HISD’s student population is expected to increase by 1,000 students per year until 2025, according to a 2015 study by the Population and Survey Analysts demographics firm. The district will also run out of voter-approved bond funds to build new schools in 2019.
In response, HISD is forming a citizens bond advisory committee this fall, a group that will analyze HISD’s financial situation and projected student population growth before submitting a recommendation to the board of trustees about the size and scope of a potential bond, HISD Chief Financial Officer Mike Seale said.
The committee also has the option to suggest no bond referendum to the school board.
“What we’ll be doing is presenting data to the committee about the conditions of our buildings, about growth, about what our needs are and the financial impact that different types of bonds will have,” Seale said.
HISD plans to open one school each year until 2022 as more than 12,000 new homes are built within district boundaries from 2015 to 2025, mostly along the West Lake Houston Parkway corridor in Atascocita, according to PASA’s demographics study.
The amount of available land and lighter road traffic is driving residents to the area, according to the report.
“Relocates are seeking the ability to be pioneers in a less dense, more secure environment and also have been seeking to benefit from new infrastructure and a master-planned environment,” the demographics study stated.
However, the district will run out of its current allotment of bond funds after opening Elementary School No. 29 in 2019, Director of Public Communications Jamie Mount said. This school, along with Groves Elementary—scheduled to open in August but, due to flooding, will now open in September—and Middle School No. 9 in 2018, was funded through a $245 million bond approved in 2008.
Without new bond funds, the district will not have funding for a middle school in 2020, an elementary school in 2021 and a high school in 2022, all of which are planned near the intersection of Beltway 8 and West Lake Houston Parkway, Mount said.
“Bond funds are essential for any new schools to open after 2019,” she said.
However, HISD also has needs at current schools, Seale said. Many large renovations and maintenance projects have been put on hold since the last bond referendum nearly a decade ago.
“We have inefficient air conditioning units that might cost us a half a million dollars to replace,” Seale said. “We just can’t afford to do that, so we may spend $50,000 repairing it, just getting it limping along until we get to a bond referendum.”
Bonds are a necessity for school districts that experience fast growth, said Guy Sconzo, executive director of the Fast Growth School Coalition. Sconzo retired as HISD superintendent in 2016.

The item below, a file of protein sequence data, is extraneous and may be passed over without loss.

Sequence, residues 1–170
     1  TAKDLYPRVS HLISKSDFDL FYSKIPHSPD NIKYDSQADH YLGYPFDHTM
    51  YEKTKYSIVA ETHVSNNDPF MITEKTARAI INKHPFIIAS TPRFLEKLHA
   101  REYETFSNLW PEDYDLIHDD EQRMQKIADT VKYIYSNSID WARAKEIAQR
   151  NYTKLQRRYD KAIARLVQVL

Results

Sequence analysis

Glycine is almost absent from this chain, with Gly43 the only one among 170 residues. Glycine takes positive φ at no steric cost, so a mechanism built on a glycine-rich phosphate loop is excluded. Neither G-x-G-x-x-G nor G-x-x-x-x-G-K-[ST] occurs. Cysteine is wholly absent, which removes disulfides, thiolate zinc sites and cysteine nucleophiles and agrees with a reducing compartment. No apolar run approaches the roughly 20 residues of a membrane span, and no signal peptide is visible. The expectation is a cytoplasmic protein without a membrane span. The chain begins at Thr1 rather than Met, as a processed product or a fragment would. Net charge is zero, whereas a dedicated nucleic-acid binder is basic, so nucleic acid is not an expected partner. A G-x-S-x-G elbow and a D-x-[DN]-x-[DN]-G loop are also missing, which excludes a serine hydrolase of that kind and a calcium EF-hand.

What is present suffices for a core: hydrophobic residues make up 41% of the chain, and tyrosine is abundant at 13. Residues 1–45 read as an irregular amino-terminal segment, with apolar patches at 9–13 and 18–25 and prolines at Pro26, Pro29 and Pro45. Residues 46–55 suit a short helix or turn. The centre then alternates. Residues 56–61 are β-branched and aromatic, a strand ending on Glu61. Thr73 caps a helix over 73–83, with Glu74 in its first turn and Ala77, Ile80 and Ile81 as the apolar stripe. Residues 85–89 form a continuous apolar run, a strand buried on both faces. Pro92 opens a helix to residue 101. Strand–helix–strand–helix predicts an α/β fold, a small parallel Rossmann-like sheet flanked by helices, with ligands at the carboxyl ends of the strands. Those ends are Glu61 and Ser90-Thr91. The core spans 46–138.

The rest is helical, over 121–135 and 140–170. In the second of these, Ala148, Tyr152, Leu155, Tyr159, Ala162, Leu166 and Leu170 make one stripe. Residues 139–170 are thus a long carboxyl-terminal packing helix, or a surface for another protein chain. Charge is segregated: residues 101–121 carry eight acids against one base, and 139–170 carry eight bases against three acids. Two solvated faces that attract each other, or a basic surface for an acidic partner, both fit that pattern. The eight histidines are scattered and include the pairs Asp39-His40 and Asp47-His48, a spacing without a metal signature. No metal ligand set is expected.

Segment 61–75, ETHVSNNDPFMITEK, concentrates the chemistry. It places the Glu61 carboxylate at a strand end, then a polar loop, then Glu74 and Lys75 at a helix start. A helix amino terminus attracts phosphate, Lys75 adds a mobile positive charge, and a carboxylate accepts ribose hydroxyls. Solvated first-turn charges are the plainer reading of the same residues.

“The communities continue to grow—people continue to move in,” Sconzo said. “And I know schools are happy to serve those additional children, but that costs [money].”
HISD’s facility assessment is a 500-page document that will help the district identify and prioritize several projects, HISD Superintendent Elizabeth Fagen said when the study was unveiled this summer.
The $300,000 study performed by PBK Architects priced the district’s next three elementary schools in addition to High School No. 7. It also gave an estimate of what the project would cost if it began in each of the next three years.
While a new elementary school would cost $32 million in 2017, the price would rise to $40 million in 2020 and a high school would cost nearly $160 million given the current inflation rate and more than $200 million three years later.
However, the facilities assessment is not a bond document. Seale said members on the committee will be presented all of the possible projects throughout the district and will prioritize them in its report to the school board.
“Just like when I’m doing a budget, there’s always more that I would like to do, but we have to be sensitive with the taxpayers and their dollars,” Seale said.
The bond committee will meet once monthly between September and January before crafting the report to present to the board of trustees during the spring semester, Mount said.
All residents, parents and community stakeholders are eligible to join, she said. The group begins with orientation Sept. 28 at Humble High School.
“Everyone who commits to attending orientation and the meetings is welcome,” Mount said. “School finance is complex, and discussions build on topics covered at prior meetings.”